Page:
IOC plans ‘energy pumps’ for future with assortment of fuel options
Indian Oil Corporation (IOC) said on Monday that its retail outlets of the future will be ‘energy pumps’ offering a wide assortment of cleaner, greener and more efficient fuel options to millions of customers.
New Delhi: Indian Oil Corporation (IOC) said on Monday that its retail outlets of the future will be ‘energy pumps’ offering a wide assortment of cleaner, greener and more efficient fuel options to millions of customers.
“While we are confident that petroleum fuels still have a long way to go, transition fuels will have a prominent place in Indian Oil’s growing bouquet of energy offerings,” IOC Chairman S.M. Vaidya said.” And our retail outlets of the future will be ‘energy pumps’ offering a wide assortment of cleaner, greener and more efficient fuel options to millions of our customers,” he added. IOC is also planning to develop fuel cells and hydrogen solutions.
“In the long run, the company also intends to develop fuel cells and indigenous hydrogen storage solutions for promoting green mobility. Our R&D centre is pursuing research in this area and is focused on making significant contribution in developing hydrogen economy infrastructure in the country. H-CNG studies currently underway on BS-IV CNG engines have shown promising results in improvement of their emission profiles with slight modifications,” Vaidya said.
IndianOil is operating two hydrogen-dispensing stations with on-board hydrogen production (from electrolysis of water) and compression facility.
With refineries presenting a very attractive case for acting as hydrogen production and supply centres, IndianOil is looking forward to pioneering the deployment of fuel cell technology in the country.
Vaidya announced that IndianOil is on track to achieve its capital expenditure target of Rs 26,233 crore in the current fiscal. With the easing of lockdown from mid-April 2020, work has commenced again on 2,800 projects at a combined investment of Rs 2.05 lakh crore.
“As part of expansion across the crude oil-to-chemicals (COTC) value chain, we plan to commission PX-PTA plant at Paradip; capacity expansion of the naphtha cracker and PX-PTA plant at Panipat complex. IndianOil refineries at Panipat and Paradip would achieve a Petrochemical Intensity Index (PII) of 15-20 per cent with the completion of the ongoing projects,” he added.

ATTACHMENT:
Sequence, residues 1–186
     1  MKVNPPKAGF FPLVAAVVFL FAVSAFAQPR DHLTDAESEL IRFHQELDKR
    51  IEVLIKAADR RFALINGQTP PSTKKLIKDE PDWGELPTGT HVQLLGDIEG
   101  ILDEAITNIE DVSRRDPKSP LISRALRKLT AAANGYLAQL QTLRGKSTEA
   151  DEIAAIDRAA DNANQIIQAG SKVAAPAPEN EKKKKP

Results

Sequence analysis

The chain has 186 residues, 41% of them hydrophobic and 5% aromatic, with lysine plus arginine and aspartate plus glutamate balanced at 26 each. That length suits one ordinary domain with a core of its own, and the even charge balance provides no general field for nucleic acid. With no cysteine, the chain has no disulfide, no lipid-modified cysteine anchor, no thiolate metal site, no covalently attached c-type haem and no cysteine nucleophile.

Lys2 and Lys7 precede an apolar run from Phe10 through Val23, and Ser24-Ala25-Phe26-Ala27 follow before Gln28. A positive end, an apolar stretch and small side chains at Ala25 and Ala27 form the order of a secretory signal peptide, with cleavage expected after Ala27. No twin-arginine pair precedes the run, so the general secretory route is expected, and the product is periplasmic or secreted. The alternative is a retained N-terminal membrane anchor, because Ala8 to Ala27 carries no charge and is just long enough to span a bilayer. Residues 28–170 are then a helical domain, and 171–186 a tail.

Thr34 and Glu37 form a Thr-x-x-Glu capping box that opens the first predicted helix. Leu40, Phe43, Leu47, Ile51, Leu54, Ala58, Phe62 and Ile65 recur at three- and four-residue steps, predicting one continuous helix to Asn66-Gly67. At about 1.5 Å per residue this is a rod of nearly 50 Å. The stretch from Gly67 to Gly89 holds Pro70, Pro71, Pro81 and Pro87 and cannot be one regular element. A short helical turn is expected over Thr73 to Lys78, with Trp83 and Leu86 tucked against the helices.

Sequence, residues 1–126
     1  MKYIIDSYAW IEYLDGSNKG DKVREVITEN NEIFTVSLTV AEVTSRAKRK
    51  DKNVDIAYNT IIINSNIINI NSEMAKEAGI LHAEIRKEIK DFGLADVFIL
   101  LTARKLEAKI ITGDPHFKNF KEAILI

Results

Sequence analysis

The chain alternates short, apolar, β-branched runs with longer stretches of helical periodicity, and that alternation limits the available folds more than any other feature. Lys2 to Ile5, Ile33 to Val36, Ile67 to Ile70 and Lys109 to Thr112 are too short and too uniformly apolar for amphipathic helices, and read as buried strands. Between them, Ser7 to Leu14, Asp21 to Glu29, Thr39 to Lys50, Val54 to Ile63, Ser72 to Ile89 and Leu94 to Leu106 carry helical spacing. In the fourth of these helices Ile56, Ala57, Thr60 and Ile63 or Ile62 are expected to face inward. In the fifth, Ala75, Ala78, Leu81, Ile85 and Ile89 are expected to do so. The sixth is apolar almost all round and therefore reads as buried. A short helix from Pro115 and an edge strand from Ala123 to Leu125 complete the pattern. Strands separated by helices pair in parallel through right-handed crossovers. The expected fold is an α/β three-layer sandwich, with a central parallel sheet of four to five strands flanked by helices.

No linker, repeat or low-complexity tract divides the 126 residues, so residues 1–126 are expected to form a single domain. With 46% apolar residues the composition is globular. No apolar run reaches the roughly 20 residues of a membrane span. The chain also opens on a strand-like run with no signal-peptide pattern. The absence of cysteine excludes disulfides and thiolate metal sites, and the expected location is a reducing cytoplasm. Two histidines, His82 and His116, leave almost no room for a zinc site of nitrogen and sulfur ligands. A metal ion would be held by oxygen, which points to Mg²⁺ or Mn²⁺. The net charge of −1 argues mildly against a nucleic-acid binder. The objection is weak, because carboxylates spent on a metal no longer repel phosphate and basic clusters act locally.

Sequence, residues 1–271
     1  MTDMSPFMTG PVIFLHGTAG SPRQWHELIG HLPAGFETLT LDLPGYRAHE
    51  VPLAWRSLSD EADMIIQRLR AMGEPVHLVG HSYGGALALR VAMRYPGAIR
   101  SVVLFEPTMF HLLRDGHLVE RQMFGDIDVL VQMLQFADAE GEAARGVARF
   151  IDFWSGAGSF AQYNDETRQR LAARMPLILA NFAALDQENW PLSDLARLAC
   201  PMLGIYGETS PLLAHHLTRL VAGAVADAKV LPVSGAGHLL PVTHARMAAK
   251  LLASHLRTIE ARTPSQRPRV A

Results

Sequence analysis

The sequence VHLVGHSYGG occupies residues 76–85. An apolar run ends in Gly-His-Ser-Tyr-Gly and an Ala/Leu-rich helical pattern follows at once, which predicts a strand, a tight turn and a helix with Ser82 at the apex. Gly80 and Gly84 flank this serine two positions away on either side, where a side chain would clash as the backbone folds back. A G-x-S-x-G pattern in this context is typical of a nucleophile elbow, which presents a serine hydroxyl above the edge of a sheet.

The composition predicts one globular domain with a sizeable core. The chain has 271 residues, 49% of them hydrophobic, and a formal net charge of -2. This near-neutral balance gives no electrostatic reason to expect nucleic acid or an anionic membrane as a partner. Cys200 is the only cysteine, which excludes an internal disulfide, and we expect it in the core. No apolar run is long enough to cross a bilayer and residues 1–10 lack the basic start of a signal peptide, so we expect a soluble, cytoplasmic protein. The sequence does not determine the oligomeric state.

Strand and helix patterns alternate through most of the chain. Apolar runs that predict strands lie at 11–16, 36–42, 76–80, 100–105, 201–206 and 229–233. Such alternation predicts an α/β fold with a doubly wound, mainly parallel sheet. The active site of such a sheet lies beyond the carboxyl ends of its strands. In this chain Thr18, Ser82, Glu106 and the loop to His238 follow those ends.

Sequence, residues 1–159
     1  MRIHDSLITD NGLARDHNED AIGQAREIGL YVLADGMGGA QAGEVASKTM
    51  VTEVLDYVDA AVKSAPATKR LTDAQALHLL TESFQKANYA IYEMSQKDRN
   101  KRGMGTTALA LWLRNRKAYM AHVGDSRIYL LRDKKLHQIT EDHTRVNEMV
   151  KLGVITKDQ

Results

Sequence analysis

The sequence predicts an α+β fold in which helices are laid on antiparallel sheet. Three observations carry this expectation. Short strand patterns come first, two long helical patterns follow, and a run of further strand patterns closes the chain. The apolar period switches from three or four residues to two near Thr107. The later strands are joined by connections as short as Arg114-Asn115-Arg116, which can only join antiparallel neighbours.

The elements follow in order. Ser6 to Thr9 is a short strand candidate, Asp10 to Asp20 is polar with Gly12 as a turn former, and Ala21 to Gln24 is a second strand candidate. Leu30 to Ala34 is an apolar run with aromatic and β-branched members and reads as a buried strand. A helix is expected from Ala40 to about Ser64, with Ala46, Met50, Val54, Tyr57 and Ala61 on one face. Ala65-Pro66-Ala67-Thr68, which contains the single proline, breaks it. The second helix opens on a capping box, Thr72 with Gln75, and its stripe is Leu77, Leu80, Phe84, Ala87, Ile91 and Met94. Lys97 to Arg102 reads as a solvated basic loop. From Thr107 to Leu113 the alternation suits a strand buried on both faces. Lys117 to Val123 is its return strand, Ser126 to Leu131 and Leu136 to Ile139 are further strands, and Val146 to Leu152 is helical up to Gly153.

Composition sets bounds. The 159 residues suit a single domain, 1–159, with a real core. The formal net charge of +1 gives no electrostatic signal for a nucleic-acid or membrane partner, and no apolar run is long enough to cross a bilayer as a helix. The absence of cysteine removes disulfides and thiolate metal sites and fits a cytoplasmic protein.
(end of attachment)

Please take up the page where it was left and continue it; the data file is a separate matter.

The IndianOil board on Monday accorded its approval for the implementation of petrochemical and lube integration at its Gujarat Refinery at an estimated cost of Rs 17,825 crore. The integration of Polypropylene (500 KTPA) and Lube Oil Base Stock (235 KTPA) units will enhance the petrochemical and specialty products integration index of Gujarat Refinery to 20.7 per cent on incremental throughput.
“As a long-term strategy, we plan to enhance our petrochemicals integration to about 14 to 15 petr cent of PII by the year 2030. Additionally, IndianOil is laying a 1,244 km R-LNG pipeline from its Ennore import terminal to supply natural gas to various consumers in Tamil Nadu and Karnataka. This pipeline will serve as the key enabler for development of City Gas Distribution (CGD) networks in the region,” Vaidya said.
Work is also in progress on LPG import facilities at Paradip and Kochi; several grassroots LPG bottling plants, upcountry terminals/depots and other activities under CDG.
IndianOil is currently the second largest player in petrochemicals in the country, with production capabilities in LAB, glycols, butadiene, PX-PTA and a wide range of polymer grades.
“For the future, we are focussing on entry into new segments like polyester filament yarn, polyester staple fibre, and polybutadiene rubber along the COTC value-chain,” he added.
IndianOil has also established itself as the second largest player in natural gas in India.
“We are now scaling up investments in LNG import terminals, cross-country pipelines and CGD infrastructure. IndianOil already has 40 geographical areas (GA) in its CGD ambit. We are also aggressively promoting the use of compressed bio-gas, 2-G ethanol and bio-diesel produced from used cooking oil, besides integrating our refinery processes with bio-fuels production,” Vaidya said.
For the first fortnight of September 2020, IndianOil’s diesel sales rose 22 per cent month-on-month, but was down 9 per cent year-on-year whereas petrol sales are up 9 per cent month-on-month and registered a growth of 1 per cent vis-a-vis September 2019,” the IOC Chairman said.
The robust month-on-month recovery in diesel and petrol is primarily due to the easing of lockdown restrictions, while petrol demand is moving upwards due to increasing preference for personal mobility, he added.
LPG is up 10.5 per cent year-on-year and 14 per cent month-on-month; jet fuel sales are up 27.8 per cent month-on-month but down 56.4 per cent year-on-year.